# Sheet Piles Into Clay

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### #1 IRSAgent

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Posted 06 April 2011 - 05:43 PM

In Lindeburg's Practice Problems, Chapter 39 Problem #2:

A 35 ft long sheet pile is driven through 10 ft of clay to bedrock below. The sheet pile supports a 25 ft vertical cut through drained sand. A tie rod is located 8 ft below the surface, terminating at a deadman behind the failure plane. There is no significant water table.

What is the tensile force in the tie rod, given the following soil parameters?

Silty Sand
Internal Friciton Angle: 32 degrees
Specific Weight: 110 lbf/ft3
Cohesion = 0

Clay
Internal Friciton Angle: 0 degrees
Specific Weight: 120 lbf/ft3
Cohesion = 750 lbf/ft2

The answer they give is 8050 lbf

I can follow most everything they do to get that result, but it appears that they use a rectangular pressure distrubution within the clay layer. Am I mistaken in this understanding? Is it a rectangular pressure because phi=0, or are they somehow referring to this component as a surcharge, which equates to a uniform lateral pressure?

### #2 MA_PE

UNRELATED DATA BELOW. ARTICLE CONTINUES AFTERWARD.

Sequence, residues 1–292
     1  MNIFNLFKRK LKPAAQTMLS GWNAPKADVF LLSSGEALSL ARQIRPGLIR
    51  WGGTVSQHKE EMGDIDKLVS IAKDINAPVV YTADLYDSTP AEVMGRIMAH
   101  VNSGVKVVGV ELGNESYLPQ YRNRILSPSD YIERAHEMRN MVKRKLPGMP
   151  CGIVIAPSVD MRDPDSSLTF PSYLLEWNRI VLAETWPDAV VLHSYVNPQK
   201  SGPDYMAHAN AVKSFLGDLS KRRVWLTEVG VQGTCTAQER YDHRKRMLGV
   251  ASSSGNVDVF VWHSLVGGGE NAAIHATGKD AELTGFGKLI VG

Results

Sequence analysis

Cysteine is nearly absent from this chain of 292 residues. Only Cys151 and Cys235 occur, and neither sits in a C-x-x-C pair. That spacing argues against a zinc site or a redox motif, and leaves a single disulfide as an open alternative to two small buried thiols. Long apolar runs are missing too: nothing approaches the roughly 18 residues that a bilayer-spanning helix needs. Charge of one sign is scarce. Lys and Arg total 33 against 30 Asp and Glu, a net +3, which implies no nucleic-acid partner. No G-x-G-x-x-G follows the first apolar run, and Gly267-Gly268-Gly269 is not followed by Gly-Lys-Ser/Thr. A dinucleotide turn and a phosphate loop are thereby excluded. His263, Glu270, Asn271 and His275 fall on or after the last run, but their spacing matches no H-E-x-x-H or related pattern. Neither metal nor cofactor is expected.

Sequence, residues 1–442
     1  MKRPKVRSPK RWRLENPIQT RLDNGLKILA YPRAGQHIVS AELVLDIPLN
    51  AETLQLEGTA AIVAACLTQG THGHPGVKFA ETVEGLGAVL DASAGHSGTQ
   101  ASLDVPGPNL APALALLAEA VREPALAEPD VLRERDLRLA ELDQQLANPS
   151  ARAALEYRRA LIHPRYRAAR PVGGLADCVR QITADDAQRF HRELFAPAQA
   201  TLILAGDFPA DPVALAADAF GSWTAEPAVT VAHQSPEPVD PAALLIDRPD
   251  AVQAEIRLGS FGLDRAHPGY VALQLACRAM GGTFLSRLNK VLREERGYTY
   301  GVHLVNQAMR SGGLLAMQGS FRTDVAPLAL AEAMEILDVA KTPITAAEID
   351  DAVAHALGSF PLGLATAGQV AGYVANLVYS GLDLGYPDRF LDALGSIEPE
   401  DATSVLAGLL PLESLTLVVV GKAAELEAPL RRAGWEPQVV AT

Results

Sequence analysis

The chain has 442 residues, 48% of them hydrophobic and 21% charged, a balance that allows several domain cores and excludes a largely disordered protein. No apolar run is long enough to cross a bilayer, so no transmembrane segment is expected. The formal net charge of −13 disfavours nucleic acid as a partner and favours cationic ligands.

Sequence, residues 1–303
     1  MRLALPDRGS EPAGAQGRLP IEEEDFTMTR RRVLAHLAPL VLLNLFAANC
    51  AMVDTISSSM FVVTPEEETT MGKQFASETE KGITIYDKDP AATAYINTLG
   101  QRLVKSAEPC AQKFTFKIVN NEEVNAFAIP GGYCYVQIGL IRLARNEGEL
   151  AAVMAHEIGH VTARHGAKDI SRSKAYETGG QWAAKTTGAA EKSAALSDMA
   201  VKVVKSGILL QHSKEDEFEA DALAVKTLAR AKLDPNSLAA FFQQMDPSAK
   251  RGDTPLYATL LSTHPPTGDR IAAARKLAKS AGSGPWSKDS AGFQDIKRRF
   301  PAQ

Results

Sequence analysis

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Posted 06 April 2011 - 06:09 PM

Yes. The key here is that they give you the internal friction angle of clay=0. The reaction on the lower portion of the sheet pile will not engage a wedge of soil (triangle), it will provide uniform lateral resistance (rectangle).

The clues are in recognizing what is given in the problem statement.

### #3 IRSAgent

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Posted 06 April 2011 - 08:32 PM

QUOTE (MA_PE @ Apr 6 2011, 02:09 PM) <{POST_SNAPBACK}>
Yes. The key here is that they give you the internal friction angle of clay=0. The reaction on the lower portion of the sheet pile will not engage a wedge of soil (triangle), it will provide uniform lateral resistance (rectangle).

The clues are in recognizing what is given in the problem statement.

Thanks for your response. I couldn't find anywhere in the CERM where it explicitly states the shape of the distribution of pressure in clays. It makes sense, but I just wanted to confirm.

Edited by IRSAgent, 06 April 2011 - 08:32 PM.

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